Optometrist and director at the Hakim Group practice, Eyecare Excellence, Elysia Harvey, reflects on the pathology and protocol benefits that the Optomap brings to her business
31 March 2021
Working in practice at the current time presents many challenges, so to have technology at your disposal that not only gives you confidence in the decisions you make, but also adds that extra level of reassurance in terms of social distancing, is so important.
The first time I used the Optomap was when I joined Eyecare Excellence in 2019. Coming from a multiple, joining an independent practice was really exciting, and knowing that the practice had an Optomap was a big plus for me.
Operating single testing at Eyecare Excellence means you cannot ask a colleague for that valuable second opinion. Therefore, when necessary, my optometrist friends from university and I consult with one another on clinical decision making. To do this, I often send across Optomap images and my peers are always impressed by how wide the view of the fundus is when captured by this state-of-the-art technology. It’s fair to say that they are quite jealous of it.
To have technology at your disposal that not only gives you confidence in the decisions you make, but also adds that extra level of reassurance in terms of social distancing, is so important
A league of its own
In a practical sense, the Optomap is in a league of its own. Put simply, it gives you a wider image of the retina than any other piece of optical equipment. The pathology it picks up is really helpful; the red (choroid) and green (sensory retina) channels enable the user to generate different images to distinguish between the deeper retinal layers and those closer to the surface. This is invaluable when determining where the pathology lies and can then enable the clinician to fine tune the cause of a lesion and its associated pathology or physiology.
Furthermore, the autofluorescence image captured by the Optomap helps me to ascertain the functionality of the retina. It can identify retinal pathology in its very early stages before we see changes on the coloured (structural) image. Early retinal degeneration, or areas of retinal ‘stress,’ are highlighted by hyperfluorescence on the image. This reduction in metabolic activity precedes retinal cell atrophy, which is then identified as dark areas (hypofluorescence) on the image. Identifying these stages enables early detection of age-related macular degeneration. Furthermore, studying the bandwidth of hyperfluorescence around an area of hypofluorescence can give an indication of how rapidly the disease is expected to progress.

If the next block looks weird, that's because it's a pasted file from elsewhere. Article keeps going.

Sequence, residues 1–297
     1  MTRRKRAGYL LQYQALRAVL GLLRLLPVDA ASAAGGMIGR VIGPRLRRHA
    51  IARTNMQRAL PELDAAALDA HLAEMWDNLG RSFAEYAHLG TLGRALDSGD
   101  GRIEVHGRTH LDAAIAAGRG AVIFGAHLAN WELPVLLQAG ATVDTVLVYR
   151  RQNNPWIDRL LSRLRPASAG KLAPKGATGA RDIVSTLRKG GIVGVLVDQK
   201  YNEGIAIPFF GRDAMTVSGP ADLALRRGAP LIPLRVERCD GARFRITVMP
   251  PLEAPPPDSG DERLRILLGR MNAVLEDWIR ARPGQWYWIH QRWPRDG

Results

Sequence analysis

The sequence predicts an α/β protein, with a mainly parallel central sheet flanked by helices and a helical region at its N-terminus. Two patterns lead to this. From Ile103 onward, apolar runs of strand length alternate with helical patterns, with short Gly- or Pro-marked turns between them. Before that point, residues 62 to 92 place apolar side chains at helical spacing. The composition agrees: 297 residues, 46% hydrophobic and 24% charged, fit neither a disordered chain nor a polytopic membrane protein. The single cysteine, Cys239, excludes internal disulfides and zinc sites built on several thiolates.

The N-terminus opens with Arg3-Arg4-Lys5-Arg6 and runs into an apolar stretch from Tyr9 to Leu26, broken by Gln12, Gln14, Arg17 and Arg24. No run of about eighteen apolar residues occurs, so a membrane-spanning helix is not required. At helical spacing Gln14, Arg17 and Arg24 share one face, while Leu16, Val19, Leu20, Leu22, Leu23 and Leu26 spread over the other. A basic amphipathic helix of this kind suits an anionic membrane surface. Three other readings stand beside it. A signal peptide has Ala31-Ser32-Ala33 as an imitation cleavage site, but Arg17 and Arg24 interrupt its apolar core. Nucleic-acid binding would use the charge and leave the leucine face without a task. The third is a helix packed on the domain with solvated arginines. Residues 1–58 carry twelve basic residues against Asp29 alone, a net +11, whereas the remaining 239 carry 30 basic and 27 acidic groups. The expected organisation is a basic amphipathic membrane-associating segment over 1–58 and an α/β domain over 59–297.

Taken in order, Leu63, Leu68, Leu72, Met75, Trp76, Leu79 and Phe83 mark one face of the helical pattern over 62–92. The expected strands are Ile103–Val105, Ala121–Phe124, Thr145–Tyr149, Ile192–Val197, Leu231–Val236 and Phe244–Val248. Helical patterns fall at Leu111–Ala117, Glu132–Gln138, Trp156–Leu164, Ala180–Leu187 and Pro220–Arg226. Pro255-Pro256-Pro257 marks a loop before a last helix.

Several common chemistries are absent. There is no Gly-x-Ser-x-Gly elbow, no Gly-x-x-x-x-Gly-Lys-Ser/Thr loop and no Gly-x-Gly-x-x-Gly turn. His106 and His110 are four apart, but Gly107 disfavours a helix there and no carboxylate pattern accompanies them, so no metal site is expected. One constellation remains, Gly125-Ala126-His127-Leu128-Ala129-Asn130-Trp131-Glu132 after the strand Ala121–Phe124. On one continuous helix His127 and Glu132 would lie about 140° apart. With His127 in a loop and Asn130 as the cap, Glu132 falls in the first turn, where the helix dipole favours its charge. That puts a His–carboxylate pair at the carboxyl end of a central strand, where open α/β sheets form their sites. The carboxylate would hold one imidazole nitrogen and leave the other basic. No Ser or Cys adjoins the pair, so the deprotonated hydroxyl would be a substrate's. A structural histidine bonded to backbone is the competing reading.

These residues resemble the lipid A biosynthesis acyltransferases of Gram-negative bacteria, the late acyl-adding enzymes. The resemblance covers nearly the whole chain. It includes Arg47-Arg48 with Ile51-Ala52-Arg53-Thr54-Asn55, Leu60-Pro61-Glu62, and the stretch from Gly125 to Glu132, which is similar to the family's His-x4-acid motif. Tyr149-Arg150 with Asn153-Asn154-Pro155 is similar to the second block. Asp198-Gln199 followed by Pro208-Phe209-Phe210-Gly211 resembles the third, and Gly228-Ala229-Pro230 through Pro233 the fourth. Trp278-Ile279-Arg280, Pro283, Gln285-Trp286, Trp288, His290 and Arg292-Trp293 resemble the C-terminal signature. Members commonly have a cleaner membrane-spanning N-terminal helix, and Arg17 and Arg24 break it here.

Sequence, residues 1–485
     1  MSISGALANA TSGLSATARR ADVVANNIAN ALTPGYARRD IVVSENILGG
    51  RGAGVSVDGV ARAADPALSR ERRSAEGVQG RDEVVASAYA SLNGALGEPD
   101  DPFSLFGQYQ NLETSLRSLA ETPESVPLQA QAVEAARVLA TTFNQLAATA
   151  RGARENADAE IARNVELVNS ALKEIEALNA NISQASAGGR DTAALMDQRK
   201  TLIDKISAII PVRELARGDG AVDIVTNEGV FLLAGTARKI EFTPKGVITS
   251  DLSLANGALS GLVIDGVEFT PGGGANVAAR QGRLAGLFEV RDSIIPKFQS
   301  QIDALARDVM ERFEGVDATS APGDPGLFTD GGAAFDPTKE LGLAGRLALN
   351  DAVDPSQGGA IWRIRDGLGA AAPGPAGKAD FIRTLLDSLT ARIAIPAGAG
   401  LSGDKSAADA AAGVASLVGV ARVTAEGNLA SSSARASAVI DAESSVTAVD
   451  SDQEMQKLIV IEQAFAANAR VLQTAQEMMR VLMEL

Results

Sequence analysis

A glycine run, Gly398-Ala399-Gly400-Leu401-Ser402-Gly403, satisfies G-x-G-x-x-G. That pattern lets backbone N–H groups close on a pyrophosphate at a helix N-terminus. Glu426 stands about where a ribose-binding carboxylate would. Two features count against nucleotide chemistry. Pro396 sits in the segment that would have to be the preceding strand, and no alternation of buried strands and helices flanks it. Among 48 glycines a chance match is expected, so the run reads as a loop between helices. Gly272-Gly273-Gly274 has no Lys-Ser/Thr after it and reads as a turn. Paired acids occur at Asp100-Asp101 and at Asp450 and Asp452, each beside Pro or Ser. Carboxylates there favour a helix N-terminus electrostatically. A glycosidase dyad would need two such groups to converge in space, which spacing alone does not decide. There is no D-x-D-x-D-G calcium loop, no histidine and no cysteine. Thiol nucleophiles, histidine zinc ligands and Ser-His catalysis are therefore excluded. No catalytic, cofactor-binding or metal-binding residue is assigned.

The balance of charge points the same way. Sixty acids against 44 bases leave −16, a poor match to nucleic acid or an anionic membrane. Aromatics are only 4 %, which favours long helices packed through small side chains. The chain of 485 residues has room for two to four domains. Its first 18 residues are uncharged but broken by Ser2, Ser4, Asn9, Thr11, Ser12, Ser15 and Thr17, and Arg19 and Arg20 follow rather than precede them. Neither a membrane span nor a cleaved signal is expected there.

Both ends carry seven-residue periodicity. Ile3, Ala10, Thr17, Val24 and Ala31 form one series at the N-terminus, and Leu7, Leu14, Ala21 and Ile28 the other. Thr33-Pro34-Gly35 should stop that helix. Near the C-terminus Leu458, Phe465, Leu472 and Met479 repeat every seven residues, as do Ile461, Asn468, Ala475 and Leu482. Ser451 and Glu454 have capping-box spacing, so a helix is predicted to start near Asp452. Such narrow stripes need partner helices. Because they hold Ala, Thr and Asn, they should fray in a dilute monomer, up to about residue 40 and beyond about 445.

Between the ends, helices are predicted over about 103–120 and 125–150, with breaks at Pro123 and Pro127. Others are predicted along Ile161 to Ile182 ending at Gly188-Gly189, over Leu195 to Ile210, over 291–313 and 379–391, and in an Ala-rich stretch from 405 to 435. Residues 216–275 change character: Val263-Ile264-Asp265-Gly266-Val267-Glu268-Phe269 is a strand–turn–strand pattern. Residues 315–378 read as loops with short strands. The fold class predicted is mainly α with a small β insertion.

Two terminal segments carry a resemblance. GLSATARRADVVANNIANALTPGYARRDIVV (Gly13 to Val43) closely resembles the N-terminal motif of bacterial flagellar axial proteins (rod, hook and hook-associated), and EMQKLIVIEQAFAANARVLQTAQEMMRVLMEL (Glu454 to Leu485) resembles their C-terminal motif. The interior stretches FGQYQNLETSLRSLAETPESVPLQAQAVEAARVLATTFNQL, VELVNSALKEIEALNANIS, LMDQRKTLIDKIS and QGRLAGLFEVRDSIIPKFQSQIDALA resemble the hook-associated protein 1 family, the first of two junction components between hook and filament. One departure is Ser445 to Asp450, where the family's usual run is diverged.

The other tool of autofluorescence imaging that gives me clinical confidence is the hyperfluorescence of vital pathology indicators, such as optic disc drusen. This can provide optometrists with important clinical pearls when differentiating between congenital optic disc drusen, which is a normal finding in practice, as opposed to optic disc swelling, which in itself is an ocular and medical emergency. Similarly, the highlighting of lipofuscin can aid diagnosis between benign naevi and malignant choroidal lesions.
Optomap’s strength lies with its ability to view 82% of the retina in a single, half a second capture. This ultra-widefield view can be extended to the ora serrata with simple instruction to eye-steer a patient, providing the view of a certain retinal sector.
Early peripheral degenerations can be routinely identified, guiding a practitioner to discuss retinal detachment signs and symptoms with their patient, in turn reducing the number of ‘missed’ retinal detachments in the future from lack of patient education.
Being able to image the ora serrata gives me greater confidence when a patient presents with flashes and floaters. As well as a dilated fundus view with a Volk lens, having the actual image gives me an extra level of reassurance to be able to rule out a retinal tear or detachment.
Optomap’s strength lies with its ability to view 82% of the retina in a single, half a second capture
The great thing about being an optometrist is that you’re constantly learning, and I think being part of the Hakim Group really facilitates that. I’ve taken part in a trio of Optomap webinars, which form part of the HG Academy, the group’s development programme. These webinars have been run by optometrist Simon Browning, an expert in the field and a fellow member of the Hakim Group, who was the first person in the world to use Optos autofluorescence imaging in practice. It’s no surprise then that I’ve learnt a lot from him on how to get the best out of the Optomap technology.
Furthermore, Simon is in the process of setting up a platform to allow Hakim Group optometrists to share images of anything that we’re unsure about with him – you can’t get much better support than that.
In the context of the situation that we now find ourselves in with the COVID-19 protocols, the Optomap really comes into its own. The fact it is able to give you a view of the whole back of the eye without getting too close to the patient is really helpful. While we have protocols in place in practice to protect both staff and patients, we still want to limit close contact with patients as much as possible, and the Optomap provides that while also allowing you to see pretty much everything.
Coupled with the pathology benefits, the Optomap is something that I would definitely miss if it were not there, especially at a time like this.